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Why Connecticut Can’t Cut Spending

Capitol Watch,” a bog written by two Hartford Courant reporters, is reporting that “House Speaker James A. Amann's announcement that he will not seek re-election in November set off a scramble to climb the leadership ladder.”

Presumably House members vying for the position are less experienced than the present occupant of that office, James Amann, who has announced his intention to run for governor. Amann also is less experienced in the rigors of governing the state than the present occupant of that office, Gov. Jodi Rell.

No one from the Democrat camp has yet argued that Amann should not run for governor because in doing so he will be surrendering his office to novices who lack "experience on the job."

The notion that experienced legislators may never be replaced because the state will lose technical proficiency is an argument for reestablishing a monarchy and abolishing elections. This argument is trotted out whenever the word "term limits" are mentioned, and it also figures prominently in newspaper endorsements.

Yet, oddly, when the Republicans – defying both their governor and prominent Democrats – recently suggested that the state might save some money by offering early retirement to state employees, cries of alarm were sounded: Experienced people would be lost; the state would suffer.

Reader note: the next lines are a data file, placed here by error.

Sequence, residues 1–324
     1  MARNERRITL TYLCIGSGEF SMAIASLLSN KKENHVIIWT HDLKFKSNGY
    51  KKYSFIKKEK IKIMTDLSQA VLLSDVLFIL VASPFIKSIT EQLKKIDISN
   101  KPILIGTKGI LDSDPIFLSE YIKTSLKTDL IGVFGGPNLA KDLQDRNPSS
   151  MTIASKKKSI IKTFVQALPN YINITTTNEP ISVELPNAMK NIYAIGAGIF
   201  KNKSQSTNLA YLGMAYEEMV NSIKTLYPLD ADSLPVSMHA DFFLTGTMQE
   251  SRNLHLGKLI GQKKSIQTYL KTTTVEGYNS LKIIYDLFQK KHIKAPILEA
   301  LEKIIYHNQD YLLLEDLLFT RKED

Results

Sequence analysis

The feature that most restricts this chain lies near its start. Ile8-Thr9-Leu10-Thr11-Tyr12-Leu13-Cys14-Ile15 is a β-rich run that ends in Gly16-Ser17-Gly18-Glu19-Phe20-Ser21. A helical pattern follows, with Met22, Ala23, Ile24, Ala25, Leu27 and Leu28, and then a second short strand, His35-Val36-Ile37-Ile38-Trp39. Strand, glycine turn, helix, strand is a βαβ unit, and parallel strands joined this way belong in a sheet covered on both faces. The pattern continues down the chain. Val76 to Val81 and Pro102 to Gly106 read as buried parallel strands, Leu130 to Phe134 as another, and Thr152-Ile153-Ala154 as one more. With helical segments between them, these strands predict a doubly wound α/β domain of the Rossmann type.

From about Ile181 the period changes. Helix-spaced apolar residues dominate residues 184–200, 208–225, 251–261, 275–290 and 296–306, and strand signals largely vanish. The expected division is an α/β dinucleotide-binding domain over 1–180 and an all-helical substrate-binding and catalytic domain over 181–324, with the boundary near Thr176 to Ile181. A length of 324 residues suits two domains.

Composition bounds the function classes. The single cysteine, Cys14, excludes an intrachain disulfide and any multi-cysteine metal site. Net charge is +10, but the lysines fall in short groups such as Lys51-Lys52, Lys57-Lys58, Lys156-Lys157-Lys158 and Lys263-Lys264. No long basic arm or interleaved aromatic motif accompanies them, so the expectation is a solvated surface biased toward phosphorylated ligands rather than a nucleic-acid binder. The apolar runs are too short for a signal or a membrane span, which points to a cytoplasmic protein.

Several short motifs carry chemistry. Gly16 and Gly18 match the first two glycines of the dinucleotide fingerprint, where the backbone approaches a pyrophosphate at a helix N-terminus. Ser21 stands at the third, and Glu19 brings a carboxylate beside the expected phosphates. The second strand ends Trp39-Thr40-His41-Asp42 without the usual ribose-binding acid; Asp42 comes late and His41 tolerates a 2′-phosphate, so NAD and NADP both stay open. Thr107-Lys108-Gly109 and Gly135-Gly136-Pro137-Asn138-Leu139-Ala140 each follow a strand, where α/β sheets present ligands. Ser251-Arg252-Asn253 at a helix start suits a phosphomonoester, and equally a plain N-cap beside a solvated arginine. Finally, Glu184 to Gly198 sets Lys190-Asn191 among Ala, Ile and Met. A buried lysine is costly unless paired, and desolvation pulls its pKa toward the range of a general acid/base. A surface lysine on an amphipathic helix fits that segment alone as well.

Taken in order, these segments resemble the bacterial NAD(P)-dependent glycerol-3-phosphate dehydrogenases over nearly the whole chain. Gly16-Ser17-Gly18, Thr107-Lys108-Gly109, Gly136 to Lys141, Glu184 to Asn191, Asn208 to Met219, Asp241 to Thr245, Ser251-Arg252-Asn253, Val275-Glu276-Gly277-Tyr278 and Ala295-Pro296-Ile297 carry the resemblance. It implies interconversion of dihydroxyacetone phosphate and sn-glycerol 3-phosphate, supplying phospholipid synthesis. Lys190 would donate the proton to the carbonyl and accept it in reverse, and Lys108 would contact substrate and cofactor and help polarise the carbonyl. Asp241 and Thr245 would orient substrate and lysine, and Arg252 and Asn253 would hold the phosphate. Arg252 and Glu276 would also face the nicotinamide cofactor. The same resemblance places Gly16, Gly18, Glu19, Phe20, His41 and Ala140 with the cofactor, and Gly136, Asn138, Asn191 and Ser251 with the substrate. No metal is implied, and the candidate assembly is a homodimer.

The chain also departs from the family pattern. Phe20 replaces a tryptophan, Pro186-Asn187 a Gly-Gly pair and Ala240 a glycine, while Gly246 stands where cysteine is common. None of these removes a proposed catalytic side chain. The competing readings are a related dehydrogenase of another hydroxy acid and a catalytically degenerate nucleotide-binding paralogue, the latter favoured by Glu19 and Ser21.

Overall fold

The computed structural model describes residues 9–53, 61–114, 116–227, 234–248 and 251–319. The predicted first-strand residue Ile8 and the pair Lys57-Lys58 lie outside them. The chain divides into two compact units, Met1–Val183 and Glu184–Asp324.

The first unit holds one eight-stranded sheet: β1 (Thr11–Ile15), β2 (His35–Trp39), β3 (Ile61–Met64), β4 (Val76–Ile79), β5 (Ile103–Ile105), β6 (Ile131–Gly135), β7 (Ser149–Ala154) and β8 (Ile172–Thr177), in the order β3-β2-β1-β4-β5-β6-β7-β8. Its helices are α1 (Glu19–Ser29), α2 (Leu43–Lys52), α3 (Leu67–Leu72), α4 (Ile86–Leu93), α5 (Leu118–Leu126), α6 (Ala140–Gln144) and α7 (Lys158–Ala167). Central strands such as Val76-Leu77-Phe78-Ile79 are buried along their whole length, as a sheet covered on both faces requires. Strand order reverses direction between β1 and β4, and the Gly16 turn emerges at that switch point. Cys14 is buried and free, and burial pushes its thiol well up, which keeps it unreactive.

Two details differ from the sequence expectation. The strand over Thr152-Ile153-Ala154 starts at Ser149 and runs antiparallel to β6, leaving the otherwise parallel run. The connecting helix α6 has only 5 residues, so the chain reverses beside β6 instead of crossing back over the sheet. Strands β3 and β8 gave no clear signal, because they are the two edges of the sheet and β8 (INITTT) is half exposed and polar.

Alas, experienced people are lost every year through the usually process of attrition and cutting jobs in tough times is a common business practice in all companies, painful but sometimes necessary. It is not as if the Republicans were proposing to throw state workers out of the plane without a parachute. They are proposing early retirements and job consolidation to fill the gap created when some jobs are not filled.

Reduced to its essence, the Democrats are arguing that the state may never cut spending, for any reason – ever.

That argument may sooth those in state government who believe that the state must never reduce spending, ever – for any reason. Though this clamorous crowd may have purchased the ears of the Democrat majority in the legislature, they are in the minority of people in the state who have been bruised by a sour economy brought on by people who reason that spending must always go up and never come down.


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